Big-play Auburn runs past San Jose State 59-13
September 6, 2014
 
Auburn
 
1st
2nd
3rd
4th
F
 San Jose State Spartans
7
3
3
0
13
 (5) Auburn Tigers
14
24
7
14
59
San Jose State
 
 
 Quick Stats

Final Stats |  Photo Gallery 

AU
SJSU
 First Downs
26
20
 Rushing Yards
358
65
 Passing Yards
135
254
 Total Yards
493
319
 Total Plays
73
77
 Fumbles-Lost
2-2
2-0
 Penalties-Yards
5-45
7-66
 Interceptions-Yards
3-28
0-0
 3rd Down Conversions
10-14
7-19
 4th Down Conversions
1-1
2-3
 Field Goals
1-1
2-3
 Time of Possession
25:11
34:49

 Stat Leaders
 Passing
C-Att
Yds
TD
Int
 AU - Marshall
10-19
101
1
0
 SJSU - Jurich
16-27
218
1
2
 Rushing
Car
Yds
TD
Long
 AU - Artis-Payne
16
112
3
31
 SJSU - Jurich
13
59
0
18
 Receiving
Rec
Yds
TD
Long
 AU - Williams
4
60
0
27
 SJSU - Erving
4
76
1
75

 2014 Schedule
08/30
W
 (6) Auburn 45, Arkansas 21
09/06
W
 (5) Auburn 59, San Jose St 13
09/18
-
 Auburn @ Kansas St
09/27
-
 Auburn vs. La Tech
10/04
-
 Auburn vs. LSU
10/11
-
 Auburn @ Mississippi St
10/25
-
 Auburn vs. S Carolina
11/01
-
 Auburn @ Ole Miss
11/08
-
 Auburn vs. Texas A&M
11/15
-
 Auburn @ Georgia
11/22
-
 Auburn vs. Samford
11/29
-
 Auburn @ Alabama
12/06
-
 SEC Championship Game
   
By Charles Goldberg
AuburnTigers.com
 
AUBURN, Ala. -- There were the points, sure. But offensive-minded coach Gus Malzahn liked most everything else, too.
 
Defense? Check. Special teams? Check. Quarterback and running back play? Check and check.
 
Auburn ran past San Jose State 59-13 before a sellout crowd of 87,451 Saturday night in Jordan-Hare Stadium behind a mix of big plays and consistency.
 
Malzahn's first post-game assessment?
 
"The positives, we had three interceptions on defense, and a punt return for a touchdown," said Malzahn, the Auburn coach who saw his Tigers improve to 2-0 after backing up its 45-21 win over Arkansas in the season-opener with another dominating performance on Saturday.
 
Cameron Artis-Payne rushed for more than 100 yards for the second straight game while running for three touchdowns.
 
Auburn scored seven touchdowns, including a 55-yard punt return by veteran Quan Bray, and a 3-yard touchdown run by freshman Roc Thomas on his first-ever Auburn carry.
 
Auburn's defense was solid again, thanks in part to interceptions by Jermaine Whitehead, Rudy Ford and Trovon Reed; and Auburn's offense used three quarterbacks again and mixed in some running backs again.
 
Nick Marshall started at quarterback and played the first three quarters. When he left, Auburn was up 45-13.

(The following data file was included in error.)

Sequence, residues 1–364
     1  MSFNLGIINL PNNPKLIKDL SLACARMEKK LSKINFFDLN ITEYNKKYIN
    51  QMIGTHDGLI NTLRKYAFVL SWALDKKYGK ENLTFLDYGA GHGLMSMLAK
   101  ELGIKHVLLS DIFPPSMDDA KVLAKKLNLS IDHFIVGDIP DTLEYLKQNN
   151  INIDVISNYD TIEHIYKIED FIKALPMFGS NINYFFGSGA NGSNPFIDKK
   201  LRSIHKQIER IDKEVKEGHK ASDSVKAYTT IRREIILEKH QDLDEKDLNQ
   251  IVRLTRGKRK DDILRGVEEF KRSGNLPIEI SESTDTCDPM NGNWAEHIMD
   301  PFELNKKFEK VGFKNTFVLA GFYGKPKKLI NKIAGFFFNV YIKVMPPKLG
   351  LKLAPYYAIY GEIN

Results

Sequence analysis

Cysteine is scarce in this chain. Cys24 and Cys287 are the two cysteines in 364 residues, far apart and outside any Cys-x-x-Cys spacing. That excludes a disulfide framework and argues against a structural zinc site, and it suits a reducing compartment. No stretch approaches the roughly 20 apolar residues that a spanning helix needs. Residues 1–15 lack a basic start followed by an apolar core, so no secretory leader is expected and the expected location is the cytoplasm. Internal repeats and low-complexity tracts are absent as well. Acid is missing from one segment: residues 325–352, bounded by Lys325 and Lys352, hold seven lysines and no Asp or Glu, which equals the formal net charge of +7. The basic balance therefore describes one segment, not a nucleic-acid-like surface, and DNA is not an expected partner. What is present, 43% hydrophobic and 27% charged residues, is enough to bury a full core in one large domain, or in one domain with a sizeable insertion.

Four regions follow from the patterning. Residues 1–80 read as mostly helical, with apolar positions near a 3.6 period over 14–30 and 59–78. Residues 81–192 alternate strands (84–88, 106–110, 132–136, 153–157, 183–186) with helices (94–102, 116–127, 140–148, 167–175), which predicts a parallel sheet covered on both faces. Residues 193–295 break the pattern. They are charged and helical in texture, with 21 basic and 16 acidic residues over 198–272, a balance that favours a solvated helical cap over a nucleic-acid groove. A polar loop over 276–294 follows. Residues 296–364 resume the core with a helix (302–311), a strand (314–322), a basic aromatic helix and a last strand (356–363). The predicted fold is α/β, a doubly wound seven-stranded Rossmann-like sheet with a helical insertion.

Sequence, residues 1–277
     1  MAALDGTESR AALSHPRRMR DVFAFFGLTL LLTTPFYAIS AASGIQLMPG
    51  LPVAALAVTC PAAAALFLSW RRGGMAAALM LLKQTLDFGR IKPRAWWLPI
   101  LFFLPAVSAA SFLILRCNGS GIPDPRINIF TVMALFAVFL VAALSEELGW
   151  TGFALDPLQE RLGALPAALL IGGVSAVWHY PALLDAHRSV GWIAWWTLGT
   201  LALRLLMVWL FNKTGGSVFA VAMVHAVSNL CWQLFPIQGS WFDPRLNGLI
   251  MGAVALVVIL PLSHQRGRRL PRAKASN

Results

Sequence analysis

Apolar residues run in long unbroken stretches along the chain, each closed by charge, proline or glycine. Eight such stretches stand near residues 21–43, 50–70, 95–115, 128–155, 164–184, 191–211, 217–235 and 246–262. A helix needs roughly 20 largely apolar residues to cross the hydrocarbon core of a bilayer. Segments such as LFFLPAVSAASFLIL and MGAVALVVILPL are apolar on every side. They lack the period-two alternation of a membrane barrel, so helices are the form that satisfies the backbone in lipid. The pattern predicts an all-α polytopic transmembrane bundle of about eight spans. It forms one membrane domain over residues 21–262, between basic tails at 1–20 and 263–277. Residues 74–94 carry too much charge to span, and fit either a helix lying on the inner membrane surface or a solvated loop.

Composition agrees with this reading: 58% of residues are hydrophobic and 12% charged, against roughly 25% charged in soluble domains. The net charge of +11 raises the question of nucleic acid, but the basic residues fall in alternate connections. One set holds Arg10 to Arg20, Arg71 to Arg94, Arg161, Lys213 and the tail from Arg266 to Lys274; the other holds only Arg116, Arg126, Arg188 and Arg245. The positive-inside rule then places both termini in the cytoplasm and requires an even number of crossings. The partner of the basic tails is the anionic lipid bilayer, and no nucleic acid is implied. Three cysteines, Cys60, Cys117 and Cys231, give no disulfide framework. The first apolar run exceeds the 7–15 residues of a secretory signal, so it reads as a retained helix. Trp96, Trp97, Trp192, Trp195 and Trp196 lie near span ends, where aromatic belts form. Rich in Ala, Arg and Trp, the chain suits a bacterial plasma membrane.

Marshall scored on a 27-yard touchdown run. He threw a 4-yard touchdown pass. There were the feel-good stories of two long-time Tigers.
 
Bray masterfully returned a punt 55 yards for a touchdown. Reed, the receiver-turned-defensive back, intercepted a pass in the end zone to turn back a late San Jose State opportunity.
 
Defensive end Montravius Adams didn't intercept a pass. But he had a sack and, overall, three tackles for a loss, and the fans cheered every one.
 
"I think it got guys got rolling," Malzahn said.
 
"Montravius got in there. As the game went on, our guys really got back there."
 
The sack, said Malzahn, "was a big play in the game. It gives everybody positive emotion and momentum."
 
Auburn can consider all of that, and its 2-0 start, during next week's off week, though Malzahn said that really won't be the priority. Saturday was another easy win, but he said Auburn benefitted from it.
 
"We've got to get better. We have to worry about us," he said.
 
"We have to feel like when we watch this tape we did improve from Week One to Week Two.
 
"Overall, I feel like we've done that."
 
Artis-Payne rushed for 177 yards and a touchdown in the win over Arkansas, then went for 112 yards and three touchdowns against San Jose State. He did most of that work in the first half, when it mattered, when he rushed for 106 yards.
 
Marshall was second in rushing, like he was last year, by running for 103 yards, Corey Grant rushed for 89 yards. Marshall averaged 9.4 yards a run, Grant averaged 8.9 yards a run. Artis-Payne averaged 7.
 
Malzahn said Artis Payne "did a good job. Corey did a good job in there, too. We've got to have those two guys."
 
Bonus points: "He's got a good understanding of the overall offense; he's a good pass protector," Malzahn said.
 
Everybody seemed to get into the act in the first half on the way to Auburn's 38-10 lead. Artis-Payne scored three touchdowns in the first two quarters. Bray made his spectacular 55-yard punt return for a touchdown, sidestepping tacklers and outracing everyone to the end zone. Duke Williams, who caught nine passes in the opener, caught four more, all in the first half.
 
Marshall played the first three quarters, reversing the role he played with backup quarterback Jeremy Johnson in the first game. Like the opener, Jonathan Wallace finished up at quarterback.
 
Whitehead intercepted a pass, his second of the season, to set up one TD. Ford intercepted a pass to set up a 27-yard Daniel Carlson field goal on the last play of the half.
 
Auburn scored on one drive by doing nothing but running the ball. It scored other times by mixing it up.
 
Marshall threw a touchdown pass, a 4-yarder to Ricardo Louis.
 
The stats didn't lie. Auburn had 321 yards at the half. They coasted from there, finishing with 493.
 
The first-half touchdowns went like this: Louis TD, Artis-Payne 2-yard TD, Artis-Payne 5-yard TD, Bray 55-yard TD return, Artis-Payne 1-yard run.
 
Go figure: San Jose State had the ball 27 minutes, 34 seconds in the first three quarters. Auburn had it 17:26. Yet, with Marshall's 27-yard TD run in the third, Auburn led 45-13.
 
A 1-yard Johnson TD run early in the fourth made it 52-13. Thomas scored on a 3-yard run on his first Auburn carry for 59-13.
 
Then there was the almost fitting end: Reed intercepted a pass in the end zone to stop San Jose State's last serious drive.
 
 
 

 

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